The storage parameters INITIAL and MINEXTENTS cannot be altered. All new settings for the other storage parameters affect only extents subsequently allocated for the index.
For indexes that implement integrity constraints, you can also adjust storage parameters by issuing an ALTER TABLE statement that includes the ENABLE clause with the USING INDEX option. For example, the following statement changes the storage options of the index defined in the previous section:
ALTER TABLE emp
ENABLE PRIMARY KEY USING INDEX
SELECT pct_used FROM sys.index_stats WHERE name = 'indexname';
The percentage of an index's space usage will vary according to how often index keys are inserted, updated, or deleted. Develop a history of an index's average efficiency of space usage by performing the following sequence of operations several times: validating the index, checking PCT_USED, and dropping and re-creating the index. When you find that an index's space usage drops below its average, you can condense the index's space by dropping the index and re-creating or re-building it.
See Also: For information about analyzing an index's structure, see "Analyzing Tables, Indexes, and Clusters" .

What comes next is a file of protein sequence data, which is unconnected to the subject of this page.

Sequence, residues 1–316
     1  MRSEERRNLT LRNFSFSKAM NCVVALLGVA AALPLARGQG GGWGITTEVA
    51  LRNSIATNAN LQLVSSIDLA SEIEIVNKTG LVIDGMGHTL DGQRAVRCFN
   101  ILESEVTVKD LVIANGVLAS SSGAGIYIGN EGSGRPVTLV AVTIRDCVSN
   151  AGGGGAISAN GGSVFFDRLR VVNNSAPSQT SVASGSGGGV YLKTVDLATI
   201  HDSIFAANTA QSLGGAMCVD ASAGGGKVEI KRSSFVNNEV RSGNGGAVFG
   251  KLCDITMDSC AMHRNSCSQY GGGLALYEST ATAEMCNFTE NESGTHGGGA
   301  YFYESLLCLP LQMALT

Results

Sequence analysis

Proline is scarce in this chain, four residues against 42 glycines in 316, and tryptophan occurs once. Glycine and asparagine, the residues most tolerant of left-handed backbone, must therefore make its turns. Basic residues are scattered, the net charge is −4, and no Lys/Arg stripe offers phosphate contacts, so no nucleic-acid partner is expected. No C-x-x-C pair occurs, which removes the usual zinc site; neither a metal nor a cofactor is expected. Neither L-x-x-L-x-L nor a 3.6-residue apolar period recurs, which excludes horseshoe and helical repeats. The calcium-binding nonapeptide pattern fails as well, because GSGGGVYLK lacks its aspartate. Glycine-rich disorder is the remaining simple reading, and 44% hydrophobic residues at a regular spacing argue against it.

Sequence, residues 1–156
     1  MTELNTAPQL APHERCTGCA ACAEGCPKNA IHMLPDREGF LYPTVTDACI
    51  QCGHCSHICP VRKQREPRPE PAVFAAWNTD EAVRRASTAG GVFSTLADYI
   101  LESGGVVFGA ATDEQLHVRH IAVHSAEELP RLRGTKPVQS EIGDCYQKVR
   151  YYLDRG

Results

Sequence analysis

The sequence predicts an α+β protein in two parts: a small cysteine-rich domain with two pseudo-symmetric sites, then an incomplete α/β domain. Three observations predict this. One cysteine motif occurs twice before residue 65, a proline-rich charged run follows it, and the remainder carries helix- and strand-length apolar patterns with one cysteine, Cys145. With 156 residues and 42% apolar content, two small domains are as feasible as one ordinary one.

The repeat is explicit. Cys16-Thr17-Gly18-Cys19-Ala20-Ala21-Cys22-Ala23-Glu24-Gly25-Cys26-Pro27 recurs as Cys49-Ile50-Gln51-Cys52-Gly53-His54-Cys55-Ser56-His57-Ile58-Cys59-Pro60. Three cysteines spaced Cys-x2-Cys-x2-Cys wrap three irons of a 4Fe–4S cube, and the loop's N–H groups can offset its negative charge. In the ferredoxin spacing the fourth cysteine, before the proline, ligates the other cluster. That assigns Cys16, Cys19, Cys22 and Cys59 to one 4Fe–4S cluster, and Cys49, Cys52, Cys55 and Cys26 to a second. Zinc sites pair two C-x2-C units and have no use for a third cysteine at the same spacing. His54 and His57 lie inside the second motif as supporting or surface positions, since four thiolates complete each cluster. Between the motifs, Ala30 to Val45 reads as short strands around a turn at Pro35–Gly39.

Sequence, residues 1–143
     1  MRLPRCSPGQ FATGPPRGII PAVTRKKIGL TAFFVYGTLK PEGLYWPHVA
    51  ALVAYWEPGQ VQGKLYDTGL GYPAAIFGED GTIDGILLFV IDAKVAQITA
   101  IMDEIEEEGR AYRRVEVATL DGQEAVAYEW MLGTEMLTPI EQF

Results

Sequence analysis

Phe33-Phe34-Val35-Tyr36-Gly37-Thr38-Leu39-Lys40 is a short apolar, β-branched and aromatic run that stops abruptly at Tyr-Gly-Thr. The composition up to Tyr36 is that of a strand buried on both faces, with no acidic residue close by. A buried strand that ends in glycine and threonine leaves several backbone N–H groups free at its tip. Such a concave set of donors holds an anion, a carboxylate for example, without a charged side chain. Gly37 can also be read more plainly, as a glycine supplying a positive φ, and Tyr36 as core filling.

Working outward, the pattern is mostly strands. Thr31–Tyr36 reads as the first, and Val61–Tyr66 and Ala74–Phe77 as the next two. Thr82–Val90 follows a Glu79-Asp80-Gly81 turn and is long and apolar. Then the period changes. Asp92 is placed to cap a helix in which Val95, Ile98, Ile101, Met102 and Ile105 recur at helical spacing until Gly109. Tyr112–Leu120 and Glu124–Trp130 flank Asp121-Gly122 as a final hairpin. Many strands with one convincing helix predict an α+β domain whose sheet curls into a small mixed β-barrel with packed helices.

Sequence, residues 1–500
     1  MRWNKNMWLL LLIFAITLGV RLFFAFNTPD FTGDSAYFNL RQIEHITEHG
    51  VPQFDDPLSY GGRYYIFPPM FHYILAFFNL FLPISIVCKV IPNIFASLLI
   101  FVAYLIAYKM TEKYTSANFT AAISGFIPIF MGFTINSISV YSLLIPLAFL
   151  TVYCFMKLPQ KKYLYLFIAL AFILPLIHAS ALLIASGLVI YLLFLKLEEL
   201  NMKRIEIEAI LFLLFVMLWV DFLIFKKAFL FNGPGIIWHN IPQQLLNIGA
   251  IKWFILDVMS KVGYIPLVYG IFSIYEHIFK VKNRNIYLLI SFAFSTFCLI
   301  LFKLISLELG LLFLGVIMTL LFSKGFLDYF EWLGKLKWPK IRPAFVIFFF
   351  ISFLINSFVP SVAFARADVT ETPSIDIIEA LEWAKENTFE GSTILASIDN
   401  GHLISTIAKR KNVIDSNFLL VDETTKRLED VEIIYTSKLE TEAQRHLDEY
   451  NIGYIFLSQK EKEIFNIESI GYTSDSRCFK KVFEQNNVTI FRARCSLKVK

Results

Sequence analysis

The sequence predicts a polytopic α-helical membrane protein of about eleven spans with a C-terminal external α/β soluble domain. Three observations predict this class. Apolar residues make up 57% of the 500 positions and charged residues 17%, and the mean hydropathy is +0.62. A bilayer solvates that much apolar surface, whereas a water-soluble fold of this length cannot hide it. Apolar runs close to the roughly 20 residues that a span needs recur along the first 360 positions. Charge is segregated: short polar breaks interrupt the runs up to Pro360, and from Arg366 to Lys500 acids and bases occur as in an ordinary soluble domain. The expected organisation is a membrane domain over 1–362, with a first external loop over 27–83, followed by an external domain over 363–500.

You might want to drop an index for any of the following reasons:
How you drop an index depends on whether you created the index explicitly with a CREATE INDEX statement, or implicitly by defining a key constraint on a table.
Note: If a table is dropped, all associated indexes are dropped automatically.
You cannot drop only the index associated with an enabled UNIQUE key or PRIMARY KEY constraint. To drop a constraint's associated index, you must disable or drop the constraint itself.
You can drop an explicitly created index with the SQL command DROP INDEX. For example, to drop the EMP_ENAME index, you would enter the following statement:
DROP INDEX emp_ename;
See Also: For information about analyzing indexes, see "Analyzing Tables, Indexes, and Clusters" .
For more information about dropping a constraint's associated index, see "Managing Integrity Constraints" .